The Seeker of Knowledge - The Scientist, the Scholar

Dec. 24, 2002

  • Knowledge is to know – to know what we do not know.
    Seeking is NOT to confirm what we already know.
  • Seeking is outside, for something we do not have.
    Seeking is NOT in the past, unless it is for the essence.
  • Now that the 20th century is over, is it not right for the world to standardise the QUEST? Without such standarisation of norms, it is unconscious seeking, casual QUEST, which will not be the right role of the QUEEN of knowledge.
  • Most of the quests, physical, social, etc. have some standards before them that are generally acceptable, if not agreed upon and enforceable.
  • Mental seeking should be rigorously logical and reasonable.
    Saying so, we should define logic and reason and in practice enumerate what is NOT logic or reason.
  • Science arose with one significant aim of ousting superstition. A movement that is against an ideal subconsciously becomes a victim to what it fights. To define superstition, classify it into its varieties, and explain its origin theoretically will offer us enough field of inquiry. Superstition is to
    • believe what is not a fact.
    • take a sense impression as a physical fact.
    • accept a one time experience as a valid fact forever.
    • grant credibility to social opinion.
    • concede scientific validity when an eminent person endorse an unproven fact.
    • be illogical.
    • be unreasonable.
    • validate the rule of another plane in this plane.
    • believe what one likes.
    • hesitate to examine a proposition as rigorously as it requires.
  • To grant practical value to a theoretical fact or theoretical value to a practical occurrence is neither knowledge nor Science.
  • Seeking should be based on a philosophy that is valid.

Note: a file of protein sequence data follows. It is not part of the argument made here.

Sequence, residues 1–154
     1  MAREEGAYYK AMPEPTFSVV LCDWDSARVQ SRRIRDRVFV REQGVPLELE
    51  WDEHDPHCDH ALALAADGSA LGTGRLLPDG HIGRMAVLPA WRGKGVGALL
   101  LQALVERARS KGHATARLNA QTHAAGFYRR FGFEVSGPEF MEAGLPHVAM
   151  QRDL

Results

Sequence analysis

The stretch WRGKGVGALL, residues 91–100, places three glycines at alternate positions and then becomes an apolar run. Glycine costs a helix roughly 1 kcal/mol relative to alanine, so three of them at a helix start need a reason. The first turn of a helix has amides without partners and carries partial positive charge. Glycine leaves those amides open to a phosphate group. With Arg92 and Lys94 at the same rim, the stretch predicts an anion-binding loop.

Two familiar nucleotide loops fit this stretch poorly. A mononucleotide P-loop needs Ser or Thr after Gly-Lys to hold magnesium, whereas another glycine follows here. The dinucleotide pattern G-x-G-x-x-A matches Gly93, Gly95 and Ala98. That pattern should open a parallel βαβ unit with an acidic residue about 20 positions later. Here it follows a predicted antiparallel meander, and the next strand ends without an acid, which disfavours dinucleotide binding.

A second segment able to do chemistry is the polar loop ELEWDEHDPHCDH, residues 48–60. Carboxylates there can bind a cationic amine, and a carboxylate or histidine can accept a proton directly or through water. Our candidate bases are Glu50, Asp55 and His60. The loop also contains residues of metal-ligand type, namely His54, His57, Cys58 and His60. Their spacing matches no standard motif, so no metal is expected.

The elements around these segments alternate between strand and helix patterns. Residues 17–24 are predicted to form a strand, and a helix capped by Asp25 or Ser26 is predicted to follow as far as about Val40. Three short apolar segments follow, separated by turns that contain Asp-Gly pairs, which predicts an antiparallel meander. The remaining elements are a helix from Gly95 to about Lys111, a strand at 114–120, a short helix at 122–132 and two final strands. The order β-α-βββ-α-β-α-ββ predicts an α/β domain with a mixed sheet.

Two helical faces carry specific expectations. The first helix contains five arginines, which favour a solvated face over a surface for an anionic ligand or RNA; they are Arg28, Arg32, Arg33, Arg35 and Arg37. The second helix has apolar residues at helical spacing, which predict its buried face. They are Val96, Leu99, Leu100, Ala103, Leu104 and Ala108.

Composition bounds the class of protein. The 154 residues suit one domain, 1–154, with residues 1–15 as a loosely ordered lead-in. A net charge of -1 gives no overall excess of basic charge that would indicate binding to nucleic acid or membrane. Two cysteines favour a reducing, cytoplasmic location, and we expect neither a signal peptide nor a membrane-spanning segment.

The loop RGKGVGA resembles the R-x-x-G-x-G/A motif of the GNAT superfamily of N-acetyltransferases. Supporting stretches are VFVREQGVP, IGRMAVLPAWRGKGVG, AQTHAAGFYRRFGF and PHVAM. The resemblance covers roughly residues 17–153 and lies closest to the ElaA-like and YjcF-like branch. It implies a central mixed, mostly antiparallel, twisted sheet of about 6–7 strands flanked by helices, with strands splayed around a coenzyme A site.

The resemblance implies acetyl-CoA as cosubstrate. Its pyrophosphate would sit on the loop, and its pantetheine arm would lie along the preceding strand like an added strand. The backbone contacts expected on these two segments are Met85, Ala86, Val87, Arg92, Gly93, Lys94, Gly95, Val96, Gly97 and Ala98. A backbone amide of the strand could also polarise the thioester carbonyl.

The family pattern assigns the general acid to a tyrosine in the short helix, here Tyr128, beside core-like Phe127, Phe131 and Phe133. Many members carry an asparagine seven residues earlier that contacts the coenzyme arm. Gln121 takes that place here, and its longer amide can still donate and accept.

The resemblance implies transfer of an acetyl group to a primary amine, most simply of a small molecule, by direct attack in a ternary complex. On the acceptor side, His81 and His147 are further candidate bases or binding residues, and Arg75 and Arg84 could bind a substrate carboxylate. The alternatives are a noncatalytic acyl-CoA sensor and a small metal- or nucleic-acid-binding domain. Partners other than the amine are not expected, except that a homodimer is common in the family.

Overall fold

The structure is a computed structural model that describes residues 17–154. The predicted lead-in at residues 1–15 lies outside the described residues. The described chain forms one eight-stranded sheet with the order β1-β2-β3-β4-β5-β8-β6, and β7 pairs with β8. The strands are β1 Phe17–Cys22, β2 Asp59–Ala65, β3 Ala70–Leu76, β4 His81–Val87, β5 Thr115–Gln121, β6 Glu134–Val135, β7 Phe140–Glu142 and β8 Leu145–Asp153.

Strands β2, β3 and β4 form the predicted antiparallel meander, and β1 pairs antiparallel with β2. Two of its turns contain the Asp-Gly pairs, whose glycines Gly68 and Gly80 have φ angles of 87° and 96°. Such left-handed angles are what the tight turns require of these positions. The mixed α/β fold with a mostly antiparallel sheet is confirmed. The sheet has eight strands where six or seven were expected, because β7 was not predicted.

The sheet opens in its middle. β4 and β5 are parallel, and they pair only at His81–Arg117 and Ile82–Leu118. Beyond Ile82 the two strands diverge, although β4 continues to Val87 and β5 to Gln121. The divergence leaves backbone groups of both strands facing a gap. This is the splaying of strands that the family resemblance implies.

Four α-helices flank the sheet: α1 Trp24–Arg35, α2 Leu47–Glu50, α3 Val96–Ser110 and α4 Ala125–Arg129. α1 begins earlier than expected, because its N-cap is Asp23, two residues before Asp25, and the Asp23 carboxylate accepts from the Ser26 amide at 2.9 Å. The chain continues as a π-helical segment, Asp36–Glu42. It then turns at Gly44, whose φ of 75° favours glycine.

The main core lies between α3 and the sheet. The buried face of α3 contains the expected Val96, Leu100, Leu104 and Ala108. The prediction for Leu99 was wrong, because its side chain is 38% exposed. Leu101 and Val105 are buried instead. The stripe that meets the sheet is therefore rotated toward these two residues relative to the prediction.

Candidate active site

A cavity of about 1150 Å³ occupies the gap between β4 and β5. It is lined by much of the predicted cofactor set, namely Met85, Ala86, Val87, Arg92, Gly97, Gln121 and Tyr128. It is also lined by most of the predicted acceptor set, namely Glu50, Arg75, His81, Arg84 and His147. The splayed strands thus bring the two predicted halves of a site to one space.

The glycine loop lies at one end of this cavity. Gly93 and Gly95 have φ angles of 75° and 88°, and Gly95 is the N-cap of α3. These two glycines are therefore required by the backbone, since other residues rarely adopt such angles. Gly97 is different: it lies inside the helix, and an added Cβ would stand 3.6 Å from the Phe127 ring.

• To insist that Mind's perception is ultimate is to insist on partial knowledge. Partial knowledge or knowledge of the part cannot claim to be pure knowledge or a valid one.
  • Absence of courage to adhere to KNOWLEDGE will inevitably lead to superstition.
  • Mind believing the experience of the body is either ignorance or superstition.
  • Mind that believes its own clarity as a valid fact of life is in a world of illusion.
  • Pleasant experience is not a proven fact of practical or theoretical value.
  • Validity, scientific validity, valid knowledge:
    • Man thinks with his mind, feels with his senses, acts with his body, combines the thinking, feeling and acting in his embodied being in a complete experience when he finds it true and valid forever in his own experience as well as the experience of others. Then he grants it the validity of a Law, if it passes the tests of logic and reason.
    • If satyagraha had been successful from 1920 to 1947 and moved to the culmination of freedom, it cannot claim the above validity. Success alone does not qualify for validity.
    • Skill for scientific experiments, capacity for theorizing together or each by itself should not or cannot make one a scientist or scientific worker. The scientist should be incapable of being an evil personality in his consciousness to qualify to be a scientist. Science, in the sense of knowledge that is capable of action that is beneficial demands it.
    • Not only should governments be prevented from making weapons of mass destruction, the scientist should be someone incapable of discovering or designing such weapons or their theory.
    • Validity is for knowledge that is LAW, not for the person, nor the organisation, and not even for the society as a whole.
    • Science should search for a valid theory, valid philosophically before it can apply for its own credentials.
    • That body of knowledge which does not take its standing on such a theoretically valid philosophy cannot pass for knowledge or scientific status.